3. Lamb.close() is invoked. This throws a Runtime Exception. As we already have a main exception, the RuntimeException becomes the suppressed exception.

4. Now the Try block has been executed and the resources are closed, if we have a main exception (we do!) it is thrown (It's the IOException remember!)

5. The catch block catches the IOException.

6. THE IMPORTANT BIT: NOTHING IS DONE WITH THE IOEXCEPTION!

7. A new Exception is thrown.


As such - only the RuntimeException exception is thrown by the run() method.

This is one of many trick questions. Get used to it. There are two clues here that this is a trap:
1) If you follow it through as I have above - you will see which exceptions are being thrown/caught when/where.

2) run() does not declare that it throws any checked Exceptions. If it threw an Exception or an IOException then it would have to have declare it, otherwise it would not compile.


I kinda think that the question is a little ambiguous, maybe it should be: "Which exceptions will the Animals.run() method throw?"
 
John Lerry
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James Pittendreigh wrote:
I kinda think that the question is a little ambiguous, maybe it should be: "Which exceptions will the Animals.run() method throw?"



Then should I not consider the exception throws in the close() method (exception suppressed)?
I ask this because it seems that that exception in the exercise #11 is considered and it is present in the result as an exception suppressed.
 
James Pittendreigh
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John Lerry wrote:

James Pittendreigh wrote:
I kinda think that the question is a little ambiguous, maybe it should be: "Which exceptions will the Animals.run() method throw?"



Then should I not consider the exception throws in the close() method (exception suppressed)?



Correct. You could think of the question as: "If you compiled and ran that section of code, which exception(s) would be thrown", and only the RuntimeException C would be thrown. As I say, I think it is a little ambiguous, but I also found questions on my real 6 exam ambiguous.

John Lerry wrote:I ask this because it seems that that exception in the exercise #11 is considered and it is present in the result as an exception suppressed.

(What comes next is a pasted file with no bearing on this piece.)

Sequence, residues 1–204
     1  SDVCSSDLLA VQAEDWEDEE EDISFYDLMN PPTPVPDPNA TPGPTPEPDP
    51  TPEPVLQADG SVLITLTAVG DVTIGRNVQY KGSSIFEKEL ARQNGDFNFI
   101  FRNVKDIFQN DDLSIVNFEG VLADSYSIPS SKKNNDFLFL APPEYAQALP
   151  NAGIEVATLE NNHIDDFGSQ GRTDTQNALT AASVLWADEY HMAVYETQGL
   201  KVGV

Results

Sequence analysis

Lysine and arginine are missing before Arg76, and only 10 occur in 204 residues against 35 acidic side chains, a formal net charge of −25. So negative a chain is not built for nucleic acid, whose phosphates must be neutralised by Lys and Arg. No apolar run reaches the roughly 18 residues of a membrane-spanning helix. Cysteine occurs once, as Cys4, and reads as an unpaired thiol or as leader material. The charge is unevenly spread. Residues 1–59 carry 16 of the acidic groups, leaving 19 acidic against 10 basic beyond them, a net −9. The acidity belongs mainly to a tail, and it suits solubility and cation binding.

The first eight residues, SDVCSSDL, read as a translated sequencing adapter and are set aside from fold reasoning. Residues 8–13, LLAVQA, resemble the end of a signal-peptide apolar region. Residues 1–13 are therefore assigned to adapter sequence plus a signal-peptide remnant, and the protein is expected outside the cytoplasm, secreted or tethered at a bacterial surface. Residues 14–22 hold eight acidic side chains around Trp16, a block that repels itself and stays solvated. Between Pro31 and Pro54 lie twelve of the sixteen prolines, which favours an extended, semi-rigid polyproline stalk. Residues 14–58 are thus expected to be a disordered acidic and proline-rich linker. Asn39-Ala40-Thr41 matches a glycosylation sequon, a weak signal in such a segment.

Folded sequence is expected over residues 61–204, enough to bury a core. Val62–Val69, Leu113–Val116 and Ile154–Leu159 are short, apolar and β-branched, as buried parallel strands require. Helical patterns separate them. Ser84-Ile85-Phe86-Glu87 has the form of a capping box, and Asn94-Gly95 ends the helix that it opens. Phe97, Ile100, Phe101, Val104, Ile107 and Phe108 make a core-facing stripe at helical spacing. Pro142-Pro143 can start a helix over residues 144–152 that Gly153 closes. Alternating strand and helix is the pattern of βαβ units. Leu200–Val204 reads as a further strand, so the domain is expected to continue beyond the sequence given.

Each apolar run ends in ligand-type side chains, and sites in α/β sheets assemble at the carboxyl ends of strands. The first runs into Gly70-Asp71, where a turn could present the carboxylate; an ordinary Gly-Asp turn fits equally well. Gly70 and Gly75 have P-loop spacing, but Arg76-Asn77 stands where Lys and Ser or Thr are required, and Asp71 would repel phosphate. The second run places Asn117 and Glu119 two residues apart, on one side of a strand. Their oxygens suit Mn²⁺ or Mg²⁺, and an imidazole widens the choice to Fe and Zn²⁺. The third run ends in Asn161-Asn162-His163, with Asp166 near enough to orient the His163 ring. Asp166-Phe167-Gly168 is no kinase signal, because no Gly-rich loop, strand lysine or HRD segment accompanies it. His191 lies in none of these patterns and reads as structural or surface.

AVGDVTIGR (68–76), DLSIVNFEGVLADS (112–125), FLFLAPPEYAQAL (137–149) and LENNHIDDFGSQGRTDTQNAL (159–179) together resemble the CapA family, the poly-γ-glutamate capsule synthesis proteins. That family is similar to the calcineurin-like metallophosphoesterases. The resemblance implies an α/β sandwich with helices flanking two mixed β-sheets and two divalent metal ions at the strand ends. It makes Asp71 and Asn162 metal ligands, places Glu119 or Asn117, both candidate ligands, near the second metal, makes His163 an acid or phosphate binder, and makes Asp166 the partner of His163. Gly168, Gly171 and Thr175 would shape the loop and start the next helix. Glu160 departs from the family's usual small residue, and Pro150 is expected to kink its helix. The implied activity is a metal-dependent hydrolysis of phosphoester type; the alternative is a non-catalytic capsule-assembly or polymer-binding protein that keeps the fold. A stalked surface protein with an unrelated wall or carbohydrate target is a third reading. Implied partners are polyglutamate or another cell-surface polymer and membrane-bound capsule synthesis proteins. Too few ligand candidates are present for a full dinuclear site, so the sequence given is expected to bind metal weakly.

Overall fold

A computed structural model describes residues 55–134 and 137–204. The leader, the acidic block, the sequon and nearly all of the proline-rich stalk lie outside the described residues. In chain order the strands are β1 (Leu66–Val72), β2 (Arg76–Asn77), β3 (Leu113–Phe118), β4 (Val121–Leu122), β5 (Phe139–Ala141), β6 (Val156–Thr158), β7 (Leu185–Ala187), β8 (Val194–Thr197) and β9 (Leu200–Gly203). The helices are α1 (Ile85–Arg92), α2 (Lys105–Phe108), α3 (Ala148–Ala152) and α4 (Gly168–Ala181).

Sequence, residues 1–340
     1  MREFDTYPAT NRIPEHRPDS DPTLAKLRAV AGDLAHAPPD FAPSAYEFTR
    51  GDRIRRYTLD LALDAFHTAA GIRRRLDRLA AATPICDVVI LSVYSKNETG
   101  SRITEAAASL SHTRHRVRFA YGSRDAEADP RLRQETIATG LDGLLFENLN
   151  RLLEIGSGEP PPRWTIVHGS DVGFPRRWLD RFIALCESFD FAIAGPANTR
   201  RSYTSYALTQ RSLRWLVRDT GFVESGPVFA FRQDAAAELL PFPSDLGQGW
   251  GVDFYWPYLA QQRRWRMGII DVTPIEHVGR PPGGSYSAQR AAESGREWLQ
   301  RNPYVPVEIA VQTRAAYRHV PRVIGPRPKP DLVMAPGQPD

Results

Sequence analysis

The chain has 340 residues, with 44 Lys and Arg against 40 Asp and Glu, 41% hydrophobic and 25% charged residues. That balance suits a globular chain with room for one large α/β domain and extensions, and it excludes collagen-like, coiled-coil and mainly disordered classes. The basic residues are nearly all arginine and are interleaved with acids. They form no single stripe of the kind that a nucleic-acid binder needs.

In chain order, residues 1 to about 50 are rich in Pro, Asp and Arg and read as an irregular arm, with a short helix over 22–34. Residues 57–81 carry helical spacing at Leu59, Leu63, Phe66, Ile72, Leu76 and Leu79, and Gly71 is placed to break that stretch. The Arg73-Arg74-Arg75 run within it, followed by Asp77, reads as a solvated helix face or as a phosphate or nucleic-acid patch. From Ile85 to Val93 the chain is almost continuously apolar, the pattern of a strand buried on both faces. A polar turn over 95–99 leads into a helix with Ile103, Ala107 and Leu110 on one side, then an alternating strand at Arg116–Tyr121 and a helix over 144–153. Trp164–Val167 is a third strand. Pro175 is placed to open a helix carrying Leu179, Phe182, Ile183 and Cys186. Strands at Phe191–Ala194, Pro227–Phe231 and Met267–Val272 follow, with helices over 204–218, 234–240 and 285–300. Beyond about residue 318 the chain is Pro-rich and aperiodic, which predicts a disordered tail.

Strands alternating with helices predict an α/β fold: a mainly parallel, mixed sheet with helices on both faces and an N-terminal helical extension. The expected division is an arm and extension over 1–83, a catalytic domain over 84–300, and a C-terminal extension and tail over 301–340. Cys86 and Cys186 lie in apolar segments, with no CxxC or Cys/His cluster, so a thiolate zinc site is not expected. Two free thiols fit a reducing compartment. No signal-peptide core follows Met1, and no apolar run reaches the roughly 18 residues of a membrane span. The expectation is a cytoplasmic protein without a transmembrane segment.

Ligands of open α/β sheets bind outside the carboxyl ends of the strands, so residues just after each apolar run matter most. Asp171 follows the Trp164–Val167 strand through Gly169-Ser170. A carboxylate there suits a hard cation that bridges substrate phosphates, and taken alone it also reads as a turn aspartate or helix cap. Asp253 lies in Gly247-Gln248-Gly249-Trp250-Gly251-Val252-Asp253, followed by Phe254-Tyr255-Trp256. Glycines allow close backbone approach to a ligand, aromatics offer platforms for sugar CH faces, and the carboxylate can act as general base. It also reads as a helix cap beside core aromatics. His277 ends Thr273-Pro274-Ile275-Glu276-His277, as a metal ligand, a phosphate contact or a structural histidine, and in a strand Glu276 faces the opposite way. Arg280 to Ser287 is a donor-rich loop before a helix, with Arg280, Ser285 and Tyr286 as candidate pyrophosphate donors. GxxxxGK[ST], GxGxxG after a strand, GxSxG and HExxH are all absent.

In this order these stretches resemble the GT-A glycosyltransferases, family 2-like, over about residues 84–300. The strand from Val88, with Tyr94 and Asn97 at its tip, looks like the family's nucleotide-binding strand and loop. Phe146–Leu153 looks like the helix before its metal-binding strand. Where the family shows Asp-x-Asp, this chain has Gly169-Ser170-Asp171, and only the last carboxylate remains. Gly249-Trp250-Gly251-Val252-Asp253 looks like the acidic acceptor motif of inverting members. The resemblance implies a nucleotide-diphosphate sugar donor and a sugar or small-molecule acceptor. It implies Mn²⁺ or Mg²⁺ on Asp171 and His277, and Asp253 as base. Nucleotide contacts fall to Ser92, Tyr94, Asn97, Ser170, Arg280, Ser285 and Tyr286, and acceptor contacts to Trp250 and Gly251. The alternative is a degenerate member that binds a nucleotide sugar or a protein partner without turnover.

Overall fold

I'm sorry I don't understand what you mean here.

In #11, it tests two bits of knowledge: try-with-resources, and rethrowing Exceptions with more inclusive type checking.

The Try block throws the IOException and becomes the main exception (as it is the first), then when the resources are closed implicitly - the RuntimeException is added as a Suppressed exception to the main (IOException) Exception. This is caught in the Exception block and then thrown again.

One thing again to note is that this time run() throws an IOException (a good clue that if you have followed as above you're on the right track). But the Exception thrown in the catch block is of type Exception when it is thrown - which of course is fine in Java 7+ because it can be inferred that the Exception thrown is the one caught from the code invoked from the try block, and thus can be rethrown (this would be a compile fail in Java 6).
 
John Lerry
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James Pittendreigh wrote:
Correct. You could think of the question as: "If you compiled and ran that section of code, which exception(s) would be thrown", and only the RuntimeException C would be thrown. As I say, I think it is a little ambiguous, but I also found questions on my real 6 exam ambiguous.



ok, but then the exercise # 11

John Lerry wrote:
#11


Which exceptions will the code throw?
- IOException with suppressed RuntimeException a




should give as ouput "IOException with no suppressed exception" but that is not what the correct ouput for the book.
 
James Pittendreigh
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John Lerry wrote:
ok, but then the exercise # 11

...
should give as ouput "IOException with no suppressed exception" but that is not what the correct ouput for the book.



No, I'm afraid not, as I explained earlier (in reference to #11)...

James Pittendreigh wrote: The Try block throws the IOException and becomes the main exception (as it is the first), then when the resources are closed implicitly - the RuntimeException is added as a Suppressed exception to the main (IOException) Exception. This is caught in the Exception block and then thrown again.



#10 is different because it catches the exception and does nothing with it, and then throws a newly instantiated exception. As such only the new exception is thrown by run.

#11 Catches the IOException, and then throws it again. It has a suppressed RuntimeException attached to it.

Without sounding rude, I think you could probably do with going over chapter 7 again. Also the Java tutorials on this subject are very good: https://docs.oracle.com/javase/tutorial/essential/exceptions/tryResourceClose.html.
 
John Lerry
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I think I understand the operation of exceptions suppressed, but I would doubt on an quiz on the book cd (K&B7).
Given this code:


The result, according to the solution, is:


- catch
- An ArrayIndexOutOfBoundsException is thrown



but I would have said:


- finally
- An ArrayIndexOutOfBoundsException is thrown



I say this because the exception "try" is considered top level exception, then the resource is closed and the exception "catch" is thrown and it is marked as suppressed.
Returning to the try block of method() the finally block is runned and therefore no longer be considered the previous exceptions but the exception "finally" is thrown.
Where my reasoning is wrong?
 
James Pittendreigh
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Hi John, the answer looks wrong for that one. I don't have the CD/Book with me to verify, but the output from that code will be:

- finally
- An ArrayIndexOutOfBoundsException is thrown


The only way it would be:
- catch
- An ArrayIndexOutOfBoundsException is thrown


is if there was no Exception("try") thrown in the try block, and there was no finally.

You should add this to the Errata thread, referenceing the question in hand.